Bodo Northern Lights

One of the best things about the Polar Night in the Arctic Circle is that it’s the absolute best period to see the Northern Lights, perhaps the most famous natural phenomenon in the world. The dancing lights in the night sky attract millions of tourists to countries in the Arctic Circle and for good reasons – for most people, this is a once-in-a-lifetime experience that is absolutely mesmerizing to observe.

For those living in the Arctic Circle, it’s anything but. Polar Night is also a period that sees an increase in people seeking therapy because of SAD (Seasonal Affective Disorder). It should come as no surprise that people who don’t feel as great in the winter need some sort of professional help when the sun doesn’t rise for three months straight. The help often comes in form of LED light therapy, which is becoming increasingly popular in countries in the Arctic Circle.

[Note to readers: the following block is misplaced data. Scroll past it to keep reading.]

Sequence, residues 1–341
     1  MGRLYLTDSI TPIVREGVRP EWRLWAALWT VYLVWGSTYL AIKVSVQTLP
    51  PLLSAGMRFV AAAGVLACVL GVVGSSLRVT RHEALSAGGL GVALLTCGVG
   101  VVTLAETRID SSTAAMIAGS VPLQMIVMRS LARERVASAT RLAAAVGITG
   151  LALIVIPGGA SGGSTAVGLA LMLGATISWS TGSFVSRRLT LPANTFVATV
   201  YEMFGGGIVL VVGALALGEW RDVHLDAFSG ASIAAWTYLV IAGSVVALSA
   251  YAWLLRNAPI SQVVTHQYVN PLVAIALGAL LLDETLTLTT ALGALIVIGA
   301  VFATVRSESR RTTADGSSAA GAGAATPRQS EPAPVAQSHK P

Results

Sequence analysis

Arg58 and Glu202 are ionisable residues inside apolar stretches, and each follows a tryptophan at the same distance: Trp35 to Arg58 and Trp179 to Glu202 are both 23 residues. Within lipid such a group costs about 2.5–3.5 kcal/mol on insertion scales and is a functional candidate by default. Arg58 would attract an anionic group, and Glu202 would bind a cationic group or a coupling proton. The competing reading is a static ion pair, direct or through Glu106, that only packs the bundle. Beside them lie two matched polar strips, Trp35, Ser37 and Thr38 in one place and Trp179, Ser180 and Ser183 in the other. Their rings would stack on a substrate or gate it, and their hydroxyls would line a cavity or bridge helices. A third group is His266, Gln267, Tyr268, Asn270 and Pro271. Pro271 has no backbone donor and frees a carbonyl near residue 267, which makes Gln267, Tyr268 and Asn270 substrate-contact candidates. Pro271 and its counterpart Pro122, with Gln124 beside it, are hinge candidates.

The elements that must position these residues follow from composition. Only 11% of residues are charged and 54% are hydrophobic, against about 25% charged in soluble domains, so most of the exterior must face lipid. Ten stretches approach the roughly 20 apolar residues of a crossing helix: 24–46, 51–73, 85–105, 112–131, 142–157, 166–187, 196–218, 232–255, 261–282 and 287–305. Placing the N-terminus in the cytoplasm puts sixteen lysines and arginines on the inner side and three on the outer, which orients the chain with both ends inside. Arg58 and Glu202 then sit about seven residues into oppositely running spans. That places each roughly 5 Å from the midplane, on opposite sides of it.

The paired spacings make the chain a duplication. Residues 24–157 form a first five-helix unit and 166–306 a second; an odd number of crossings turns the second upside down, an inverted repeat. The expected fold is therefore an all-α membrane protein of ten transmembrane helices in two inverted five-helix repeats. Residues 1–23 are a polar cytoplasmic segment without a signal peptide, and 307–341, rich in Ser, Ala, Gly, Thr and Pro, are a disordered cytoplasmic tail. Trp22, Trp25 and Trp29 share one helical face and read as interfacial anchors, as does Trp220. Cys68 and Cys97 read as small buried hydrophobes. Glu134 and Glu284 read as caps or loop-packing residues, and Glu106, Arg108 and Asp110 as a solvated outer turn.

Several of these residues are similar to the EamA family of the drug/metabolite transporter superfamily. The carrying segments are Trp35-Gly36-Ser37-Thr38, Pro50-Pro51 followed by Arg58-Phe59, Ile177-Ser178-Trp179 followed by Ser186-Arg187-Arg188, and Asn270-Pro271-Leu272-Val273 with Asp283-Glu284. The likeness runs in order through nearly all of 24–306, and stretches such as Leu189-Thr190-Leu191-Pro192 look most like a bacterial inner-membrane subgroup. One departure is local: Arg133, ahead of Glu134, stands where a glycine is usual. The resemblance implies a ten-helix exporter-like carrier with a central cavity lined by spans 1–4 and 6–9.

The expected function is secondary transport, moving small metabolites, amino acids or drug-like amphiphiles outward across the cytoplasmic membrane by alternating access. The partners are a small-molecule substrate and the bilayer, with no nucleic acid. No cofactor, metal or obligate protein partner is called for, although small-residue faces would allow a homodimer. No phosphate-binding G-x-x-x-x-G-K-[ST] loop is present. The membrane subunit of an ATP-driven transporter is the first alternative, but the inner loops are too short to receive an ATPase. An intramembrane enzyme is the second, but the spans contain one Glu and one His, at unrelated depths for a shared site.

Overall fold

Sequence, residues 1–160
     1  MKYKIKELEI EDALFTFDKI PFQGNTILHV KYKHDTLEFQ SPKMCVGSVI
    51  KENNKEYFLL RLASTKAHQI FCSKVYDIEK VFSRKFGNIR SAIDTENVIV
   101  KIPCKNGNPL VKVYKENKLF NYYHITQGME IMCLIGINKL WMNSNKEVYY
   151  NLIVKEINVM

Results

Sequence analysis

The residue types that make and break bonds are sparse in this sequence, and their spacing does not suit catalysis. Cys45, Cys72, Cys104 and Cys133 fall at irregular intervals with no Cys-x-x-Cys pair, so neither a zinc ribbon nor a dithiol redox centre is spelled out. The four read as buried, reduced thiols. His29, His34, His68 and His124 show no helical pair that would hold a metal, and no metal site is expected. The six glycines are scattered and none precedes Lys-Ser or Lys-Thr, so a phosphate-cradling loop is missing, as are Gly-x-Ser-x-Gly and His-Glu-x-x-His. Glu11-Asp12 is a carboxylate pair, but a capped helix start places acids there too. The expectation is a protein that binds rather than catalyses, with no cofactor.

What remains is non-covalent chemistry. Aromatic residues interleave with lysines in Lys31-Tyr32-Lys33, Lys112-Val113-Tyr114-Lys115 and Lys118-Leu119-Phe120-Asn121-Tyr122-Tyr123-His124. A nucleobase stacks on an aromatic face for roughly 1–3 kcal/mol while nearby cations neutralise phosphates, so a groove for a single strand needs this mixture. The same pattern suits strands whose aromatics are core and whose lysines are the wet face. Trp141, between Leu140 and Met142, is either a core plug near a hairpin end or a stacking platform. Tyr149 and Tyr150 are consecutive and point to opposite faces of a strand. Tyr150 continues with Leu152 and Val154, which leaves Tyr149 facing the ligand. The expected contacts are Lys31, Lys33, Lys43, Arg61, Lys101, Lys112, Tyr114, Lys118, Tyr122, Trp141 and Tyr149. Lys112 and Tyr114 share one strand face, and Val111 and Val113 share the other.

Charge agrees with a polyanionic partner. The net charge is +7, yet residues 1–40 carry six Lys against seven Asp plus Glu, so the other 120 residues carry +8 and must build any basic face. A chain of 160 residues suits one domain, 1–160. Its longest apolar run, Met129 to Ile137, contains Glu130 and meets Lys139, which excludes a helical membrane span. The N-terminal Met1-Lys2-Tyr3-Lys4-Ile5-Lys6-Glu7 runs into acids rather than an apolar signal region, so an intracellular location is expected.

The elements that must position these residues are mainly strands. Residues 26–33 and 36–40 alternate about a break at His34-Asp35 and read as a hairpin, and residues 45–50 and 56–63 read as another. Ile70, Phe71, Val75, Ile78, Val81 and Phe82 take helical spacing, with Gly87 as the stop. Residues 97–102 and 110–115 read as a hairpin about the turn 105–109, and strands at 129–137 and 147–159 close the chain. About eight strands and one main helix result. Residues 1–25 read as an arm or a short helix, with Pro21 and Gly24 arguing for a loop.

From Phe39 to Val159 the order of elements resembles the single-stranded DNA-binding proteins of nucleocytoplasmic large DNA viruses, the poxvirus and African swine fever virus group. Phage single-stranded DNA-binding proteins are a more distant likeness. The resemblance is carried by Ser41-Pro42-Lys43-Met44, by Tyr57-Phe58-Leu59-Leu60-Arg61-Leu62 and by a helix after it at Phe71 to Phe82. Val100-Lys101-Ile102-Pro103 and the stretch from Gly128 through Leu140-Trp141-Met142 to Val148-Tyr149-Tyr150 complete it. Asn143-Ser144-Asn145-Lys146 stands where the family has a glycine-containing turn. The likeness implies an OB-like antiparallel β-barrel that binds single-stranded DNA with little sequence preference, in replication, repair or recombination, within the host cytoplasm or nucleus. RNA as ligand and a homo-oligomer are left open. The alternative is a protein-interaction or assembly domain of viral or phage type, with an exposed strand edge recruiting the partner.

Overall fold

Where Do Polar Day And Polar Night Happen?

Polar day and night only happen inside the polar circles. In the northern hemisphere, the phenomena occur in the Arctic Circle, and in the southern hemisphere, they happen in the Antarctic Circle. It’s worth noting that several countries (and continents) are inside the Arctic Circle, but only Antarctica is inside the Antarctic Circle.

That’s why most people who want to see either the polar day or the polar night will stay in the northern hemisphere – Antarctica is not easily accessible, so not a convenient place to visit just to chase the Northern Lights.